Dear Jude: A Tribute to Jude Howell (1956–2022)

For people who study Chinese civil society, the work of Professor Jude Howell is a familiar staple. For many, it’s an inspiration. For those who had the great luck of knowing Jude, her kindness, good humour, and generosity were every bit as uplifting as her work. Through a fortuitous phone call from Professor Wang Ming, […]

The Shanghai Lockdown as a Chronotope: The Biopolitics of Zero Covid, Auto-Immunisation, and the Security Discourse

Reading the Shanghai lockdown as a chronotope, this essay explores the biopolitical process of immunisation through an analysis of the Zero Covid policy in the context of the security discourse that has taken root in the People’s Republic of China over the past decade. By reviewing the voices of those who have expressed dissatisfaction with […]

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Peasant Worker Communist Spy: A Chinese Intelligence Agent Looks Back at His Time in Cambodia

This essay examines the nostalgic reflections of Sino-Khmer journalist turned Chinese Communist Party (CCP) intelligence agent Vita Chieu (周德高, 1932–2020) on his time working for the CCP and the Chinese Embassy in Phnom Penh. The essay engages with Chieu’s memoir exegetically to underscore his activities as an intelligence agent and highlight how he reflected nostalgically about working for the CCP even decades after resigning from the party and renouncing communism.

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Mainlanders’ Nostalgic Writing in Taiwan: Memory, Identification, and Politics

After the Kuomintang was defeated by the Chinese Communist Party in 1949, about 1.5 million people followed the Nationalist government to Taiwan. This marked the beginning of four decades of social separation across the Taiwan Strait, in a political standoff that lasts to this day. Over the years, civil war exiles in Taiwan produced much nostalgic writing. This essay examines the evolution of these texts from the 1950s to the 2010s, exploring the authors’ narratives of China in relation to the concept of ‘homeland’.

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‘The Mine Was Our Home’: Narrativising Nostalgia between Socialist and Post-Socialist Mining Zones

At a Chinese-owned fluorspar mine in Mongolia, one group of workers stood out from the rest. Their life stories—often narrated with a tinge of nostalgia for home and a golden age of industrial labour—were closely intertwined with fluorspar. Joining them on an annual trip from their workplace to their once fluorspar-rich hometown in Jiangxi Province […]

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Ambivalent Nostalgia: Commemorating Zhiqing in the Jianchuan Museum Complex

Zhiqing, an abbreviation for zhishi qingnian (‘educated youth’), refers to the nearly 18 million urban young people, most with elementary to high-school education, whom the Chinese Communist Party sent to live and work in China’s rural areas between 1968 and 1980. Since the early 1990s, official and unofficial museum commemorations of the zhiqing generation have articulated a pervasive nostalgia marked by narratives of a ‘zhiqing spirit’ that celebrate qualities of perseverance, patriotism, and self-sacrifice. This essay examines the Museum of Zhiqing Lives in the Jianchuan Museum Complex, China’s most high-profile private museum project and home to the largest collection of Maoist artefacts.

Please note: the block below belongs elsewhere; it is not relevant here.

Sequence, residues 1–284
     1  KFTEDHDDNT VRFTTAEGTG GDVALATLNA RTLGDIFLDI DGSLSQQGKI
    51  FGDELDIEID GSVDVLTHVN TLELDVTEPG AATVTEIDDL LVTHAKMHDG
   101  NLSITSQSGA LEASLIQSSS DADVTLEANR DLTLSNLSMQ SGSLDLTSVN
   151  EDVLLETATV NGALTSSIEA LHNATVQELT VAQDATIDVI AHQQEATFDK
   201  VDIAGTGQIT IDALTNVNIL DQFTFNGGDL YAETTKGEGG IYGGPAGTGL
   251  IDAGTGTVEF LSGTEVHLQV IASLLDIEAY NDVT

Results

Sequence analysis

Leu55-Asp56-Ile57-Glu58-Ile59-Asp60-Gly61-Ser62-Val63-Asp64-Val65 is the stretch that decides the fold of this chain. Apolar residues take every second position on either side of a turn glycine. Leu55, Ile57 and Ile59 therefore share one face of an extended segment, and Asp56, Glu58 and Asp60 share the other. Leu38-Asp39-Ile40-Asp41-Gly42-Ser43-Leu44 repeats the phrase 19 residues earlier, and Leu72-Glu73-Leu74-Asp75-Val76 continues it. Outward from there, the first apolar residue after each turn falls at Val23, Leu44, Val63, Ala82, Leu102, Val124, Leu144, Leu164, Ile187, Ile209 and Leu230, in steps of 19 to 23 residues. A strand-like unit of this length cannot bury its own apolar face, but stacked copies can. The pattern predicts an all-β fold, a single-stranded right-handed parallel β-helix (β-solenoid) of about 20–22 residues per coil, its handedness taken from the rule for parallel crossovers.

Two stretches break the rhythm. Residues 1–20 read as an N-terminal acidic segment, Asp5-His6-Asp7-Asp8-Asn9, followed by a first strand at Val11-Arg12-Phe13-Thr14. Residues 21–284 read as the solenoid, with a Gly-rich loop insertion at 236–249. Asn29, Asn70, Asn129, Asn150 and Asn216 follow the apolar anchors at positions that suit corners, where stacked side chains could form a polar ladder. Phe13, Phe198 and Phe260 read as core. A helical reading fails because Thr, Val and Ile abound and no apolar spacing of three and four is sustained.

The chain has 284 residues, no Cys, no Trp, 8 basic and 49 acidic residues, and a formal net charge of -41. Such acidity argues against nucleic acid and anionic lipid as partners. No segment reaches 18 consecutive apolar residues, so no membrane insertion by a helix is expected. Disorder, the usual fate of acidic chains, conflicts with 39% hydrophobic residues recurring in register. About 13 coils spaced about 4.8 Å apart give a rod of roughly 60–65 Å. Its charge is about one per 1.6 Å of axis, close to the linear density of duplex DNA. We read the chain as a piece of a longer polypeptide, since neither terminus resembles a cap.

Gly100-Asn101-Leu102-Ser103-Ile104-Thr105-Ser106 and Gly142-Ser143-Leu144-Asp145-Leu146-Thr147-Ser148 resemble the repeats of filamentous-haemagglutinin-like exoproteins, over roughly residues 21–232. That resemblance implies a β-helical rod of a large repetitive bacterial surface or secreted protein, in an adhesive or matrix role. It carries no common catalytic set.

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Johnnie Got His Gun, While Liang Took Up the Plough: Nostalgia in the United States and China, Then and Now

This essay examines the nostalgic pragmatism of the reformer and Confucian philosopher Liang Shuming (1893–1988). Liang’s responses to the social and economic dislocations of the early Republican era, including a series of concrete steps to ameliorate them, are surprisingly relevant to the spiralling cycles of racism and violence afflicting US society in the twenty-first century. His diagnosis of the harms of industrial society and prescription for restoring the moral as well as physical health of rural populations remain valid both for China and for the United States—in particular, with regard to addressing climate change and its attendant psychophysical trauma known as solastalgia.

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Newborn Socialist Things: A Conversation with Laurence Coderre

I recently participated in an event on ‘Socialist Stuff’ hosted by Stanford’s materia working group. Fittingly, it featured all the technical difficulties typical of hybrid in-person/remote gatherings, but we nonetheless muddled through in pursuit of a productive alchemy between Jacqueline Loss’s work on Cuba and mine on China (Loss 2013; Loss and Prieto 2012). I […]

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Magic, Religion, and the Naturalisation of Chinese Communist Party Rule

The Chinese Communist Party (CCP) has developed strategies that draw on a dedication to the Party that is specifically religious yet does not require belief in a doctrine. These strategies revolve around the Leninist concept of ‘party spirit’, which, paradoxically, has become a commodity that is produced, supplied, and consumed. This essay discusses these strategies […]

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From Grassroots Nostalgia to Official Memory: Red Relics in Contemporary China

Collections of ‘Red relics’—objects relating to the history of the Chinese Communist Party—were initially understood primarily as a form of grassroots nostalgia for the supposed purity and equality of the Mao era and a reaction against the changes of the reform era. This essay argues that in recent years, these objects—particularly those from the revolutionary, pre-1949 period—have been increasingly coopted into the Party’s narrative about the rejuvenation of China under its leadership.

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